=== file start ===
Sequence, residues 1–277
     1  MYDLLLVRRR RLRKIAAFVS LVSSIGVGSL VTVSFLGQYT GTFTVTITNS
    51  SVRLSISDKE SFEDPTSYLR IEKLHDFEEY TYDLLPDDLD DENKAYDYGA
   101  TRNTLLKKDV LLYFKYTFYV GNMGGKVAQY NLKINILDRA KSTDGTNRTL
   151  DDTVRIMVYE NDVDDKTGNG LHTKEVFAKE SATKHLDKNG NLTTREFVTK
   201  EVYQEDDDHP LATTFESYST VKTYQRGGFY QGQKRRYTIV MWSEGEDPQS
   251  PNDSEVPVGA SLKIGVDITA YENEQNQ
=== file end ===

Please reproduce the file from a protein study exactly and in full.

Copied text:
Sequence, residues 1–277
     1  MYDLLLVRRR RLRKIAAFVS LVSSIGVGSL VTVSFLGQYT GTFTVTITNS
    51  SVRLSISDKE SFEDPTSYLR IEKLHDFEEY TYDLLPDDLD DENKAYDYGA
   101  TRNTLLKKDV LLYFKYTFYV GNMGGKVAQY NLKINILDRA KSTDGTNRTL
   151  DDTVRIMVYE NDVDDKTGNG LHTKEVFAKE SATKHLDKNG NLTTREFVTK
   201  EVYQEDDDHP LATTFESYST VKTYQRGGFY QGQKRRYTIV MWSEGEDPQS
   251  PNDSEVPVGA SLKIGVDITA YENEQNQ